The Government confirmed in the autumn Budget that from April 2020, businesses will become responsible for assessing employment tax status and ensuring the right amount of tax is paid for individuals whose services they engage through a personal service company (PSC). HM Revenue & Customs (HMRC) has published a consultation on how the new rules will operate in the private sector.
Tax rules known as IR35 require people who provide services through PSCs to pay employment taxes if they would otherwise have been regarded as an employee of the engaging business. Currently, where a person provides services through a PSC to a private sector business, the responsibility for the tax status determination and payment of any employment taxes due lies with the PSC. Under the new regime, that liability is reversed; the engaging company will determine whether the IR35 rules apply and will be liable to operate PAYE and pay employer’s national insurance contributions (NICs). The purpose of the reversal is to increase compliance with the IR35 rules.
Public to private sector
The full scope of the rules has not yet been determined. HMRC proposes to base the legislation on the public sector off-payroll working rules, with some amendments. This starting point is useful, as it allows some lessons from the public sector rollout to be used to guide the implementation of the new legislation. HMRC acknowledges this in its consultation, identifying a number of points not currently covered within the public sector legislation. For example, the public sector rules have no requirement for the off-payroll worker to be given a determination by a client directly, nor is there any legislative right for the off-payroll worker, or fee-payer, to seek the reasons for the determination.
The “Check Employment Status for Tax” (CEST) tool, launched by HMRC in 2017 to help the public sector assess employment status for tax purposes, has been criticised as a blanket approach where a nuanced assessment is required. The Government accepts that there are concerns as to the capabilities of CEST, particularly should it be applied to the complex private sector, and intends to reform the tool to help it to meet these needs.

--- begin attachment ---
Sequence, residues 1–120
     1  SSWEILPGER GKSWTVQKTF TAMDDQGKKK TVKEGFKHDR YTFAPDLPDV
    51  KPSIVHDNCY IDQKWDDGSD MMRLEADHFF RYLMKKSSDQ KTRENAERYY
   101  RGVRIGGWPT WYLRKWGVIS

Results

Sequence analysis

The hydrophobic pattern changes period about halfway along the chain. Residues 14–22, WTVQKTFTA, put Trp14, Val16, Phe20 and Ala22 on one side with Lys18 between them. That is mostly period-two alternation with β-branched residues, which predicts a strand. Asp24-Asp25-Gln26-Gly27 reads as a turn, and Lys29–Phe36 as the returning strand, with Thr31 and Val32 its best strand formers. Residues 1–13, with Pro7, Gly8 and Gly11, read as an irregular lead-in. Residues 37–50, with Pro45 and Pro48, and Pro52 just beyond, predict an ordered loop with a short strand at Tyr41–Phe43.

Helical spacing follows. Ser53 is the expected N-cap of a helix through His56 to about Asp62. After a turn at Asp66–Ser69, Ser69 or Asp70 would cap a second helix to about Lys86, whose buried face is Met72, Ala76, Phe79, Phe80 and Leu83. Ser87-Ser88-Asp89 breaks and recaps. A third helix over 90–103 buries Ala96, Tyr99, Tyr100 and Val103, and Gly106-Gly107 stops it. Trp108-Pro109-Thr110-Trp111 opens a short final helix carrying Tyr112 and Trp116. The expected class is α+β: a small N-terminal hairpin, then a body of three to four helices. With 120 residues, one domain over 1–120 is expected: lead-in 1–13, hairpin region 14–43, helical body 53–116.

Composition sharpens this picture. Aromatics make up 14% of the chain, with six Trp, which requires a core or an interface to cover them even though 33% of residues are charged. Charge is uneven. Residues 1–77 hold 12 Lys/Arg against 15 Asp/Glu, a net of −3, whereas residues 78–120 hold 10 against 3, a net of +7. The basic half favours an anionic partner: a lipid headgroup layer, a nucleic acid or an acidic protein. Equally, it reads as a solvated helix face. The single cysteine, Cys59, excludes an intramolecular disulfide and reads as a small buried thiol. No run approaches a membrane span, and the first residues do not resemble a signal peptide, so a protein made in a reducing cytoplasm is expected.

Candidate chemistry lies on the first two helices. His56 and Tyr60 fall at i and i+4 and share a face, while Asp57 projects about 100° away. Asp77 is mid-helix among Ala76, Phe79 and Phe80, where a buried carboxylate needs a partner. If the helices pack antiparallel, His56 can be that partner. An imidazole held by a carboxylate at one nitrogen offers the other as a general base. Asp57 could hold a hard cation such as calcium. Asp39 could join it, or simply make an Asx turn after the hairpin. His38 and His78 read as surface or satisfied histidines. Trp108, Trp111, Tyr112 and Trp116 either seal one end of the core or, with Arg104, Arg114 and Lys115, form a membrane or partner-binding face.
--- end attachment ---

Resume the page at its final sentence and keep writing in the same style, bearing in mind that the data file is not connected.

Inherent differences between the public and private sector mean that various elements of the legislation as it applies to the public sector will require to be varied. HMRC is seeking views on a number of aspects, such as how disputes over contractor status determinations should be resolved, and the best method of defining “smallest” businesses, which will be excluded from the legislation.
Complex supply chains
Private sector labour supply chains are often long and complex, and this is one of the main focuses of the consultation. The Government presented several questions on how best to manage complications and avoid disputes over liability where there are several entities between the business engaging the PSC and the entity that pays its fees. It intends to short-circuit long supply chains by requiring clients to provide the determination directly, as well as the reasons for that determination on request. The fee-payer (who may be further down the supply chain) will then be required to make deductions for income tax and NICs and pay any employer’s NICs to HMRC.
Perhaps of most concern to engaging businesses is the Government’s proposal that where a liable party ceases to exist or is otherwise unable to pay, tax liability will move to the next person above them in the contractual chain. HMRC would ultimately be able to seek payment from the client. It will therefore be important for businesses to monitor their supply chain and avoid unexpected tax liabilities by building in the appropriate contractual protections.
Businesses in industries such as infrastructure and energy, which rely heavily on specialised contractors, will face significant cost and compliance challenges. The draft legislation is set to be published in the Finance Bill at the end of summer 2019, and the consultation recommends that affected businesses take action now, such as identifying and reviewing their current engagements with intermediaries, and reviewing arrangements for the use of contingent labour. Businesses that utilise PSCs should endeavour to engage with and understand any developments to the proposed legislation that stem from the consultation, to ensure that they avoid suffering major disruption from April 2020.
In this issue
- Time to promote shared care?
- Client medical records: a matter of right
- Search for the route to healing
- Rights after “same roof”
- Are you a qualified creditor?
- Reading for pleasure
- Opinion: Allan Jamieson
- Book reviews
- Profile: John Laughland
- President's column
- ScotLIS update
- People on the move
- Common law and artificial life
- FAIs: addressing the concerns
- Challenging times
- Shared humanity
- Cases of the paperless will
- How to manage your legal practice for success
- Fairness v Convenience
- Moorov then and now
- Personal licences: the uncertainty continues
- Is Airbnb use a planning matter?
- Insolvency Rules: a positive realignment
- IR35 compliance moves up the ladder
- “Best interests” in the balance
- Scottish Solicitors' Discipline Tribunal
- PSG tackles index-linked rent reviews
- Finding the right seat
- Public policy highlights
- Accredited paralegal update
- Events, and more, for members
- Accredited Paralegal Committee profile
- Second thoughts on executor declarations
- Client communication – a continuous journey
- Reflections from the Commission
- Love my tender
- Ask Ash